SEOUL • South Korean President Park Geun Hye cannot be questioned by today as prosecutors have requested, her lawyer said, as she resists growing calls to resign over an influence-peddling scandal that has engulfed her administration.
Ms Park is under intense pressure to step down over the crisis involving a close friend accused of meddling in state affairs, with the main opposition party seeking to put an impeachment motion up for a vote as soon as Friday.
Last Saturday, hundreds of thousands of South Koreans rallied for the fifth weekend in a row, calling for the President's resignation. Organisers said the crowd totalled 1.5 million; the police estimated the crowd at 260,000.
Ms Park's lawyer, Mr Yoo Yeong Ha, said in a text message that the President had to deal with the "fast- moving situation" and so there was little time for her to cooperate with prosecutors, who had asked to question her by today.
"It is regrettable that the President cannot cooperate with face- to-face questioning which the prosecutors have asked for by Nov 29," he said in a statement.
Instead of responding to the current investigators' request for questioning, Ms Park, 64, will prepare for an investigation by a special prosecutor that is expected to begin next month, Mr Yoo said previously, although prosecutors subsequently repeated their request to question the President.
Ms Park's approval rating fell to just 4 per cent in a weekly survey released last Friday by Gallup Korea, an all-time low for a democratically elected South Korean president.
Ms Park's friend, Choi Soon Sil, and a former aide have been indicted in the case.
Ms Park was named as an accomplice in an investigation into whether big businesses were inappropriately pressured to contribute money to foundations set up to back the President's initiatives.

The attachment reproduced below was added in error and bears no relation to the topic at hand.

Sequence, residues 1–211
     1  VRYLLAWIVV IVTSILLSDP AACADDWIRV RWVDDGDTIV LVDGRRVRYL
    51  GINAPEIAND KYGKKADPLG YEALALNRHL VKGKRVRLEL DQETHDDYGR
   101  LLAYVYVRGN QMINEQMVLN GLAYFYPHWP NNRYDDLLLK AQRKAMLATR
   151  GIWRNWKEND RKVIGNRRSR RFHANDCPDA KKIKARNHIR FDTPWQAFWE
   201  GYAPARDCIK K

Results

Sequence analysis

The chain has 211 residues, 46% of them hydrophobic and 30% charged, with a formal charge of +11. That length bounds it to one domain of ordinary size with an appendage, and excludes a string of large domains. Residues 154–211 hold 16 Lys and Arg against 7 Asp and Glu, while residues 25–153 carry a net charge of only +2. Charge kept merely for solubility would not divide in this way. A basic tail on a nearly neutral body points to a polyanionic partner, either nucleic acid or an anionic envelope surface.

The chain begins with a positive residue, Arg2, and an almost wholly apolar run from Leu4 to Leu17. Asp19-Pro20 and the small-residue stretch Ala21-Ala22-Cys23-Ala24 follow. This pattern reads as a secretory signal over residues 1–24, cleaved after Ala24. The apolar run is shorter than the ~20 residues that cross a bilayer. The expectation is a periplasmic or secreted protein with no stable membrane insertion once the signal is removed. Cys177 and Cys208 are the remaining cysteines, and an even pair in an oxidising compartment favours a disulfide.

Ms Park, whose single five-year term is due to end in February 2018, has apologised twice over the affair, to little effect.
Her approval rating fell to just 4 per cent in a weekly survey released last Friday by Gallup Korea, an all-time low for a democratically elected South Korean president.
In her second public apology earlier this month, she said she would make herself available to any investigation, including that of a special prosecutor, adding that she would take responsibility if found guilty.
But the presidential office and her lawyer later denied the prosecutors' accusations, with Mr Yoo denouncing them as a "house of fantasy". Ms Park, who has immunity from prosecution in the case as long as she remains in office, is alleged by prosecutors to have colluded with Choi to enable her friend to wield improper influence in government affairs and in fund raising by the two foundations.
If Parliament secures the necessary two-thirds vote needed for an impeachment motion, it would be up to the Constitutional Court to confirm or reject the motion.
In the meantime, the Prime Minister would lead the government on an interim basis.
No South Korean president has failed to complete his term since the current democratic system was implemented in 1987.
If Ms Park is impeached or resigns, an election would be held in 60 days to nominate a president to serve a five-year term.
Ms Park's father led South Korea for 18 years after seizing power in a military coup, before he was assassinated by his disgruntled spy chief in 1979.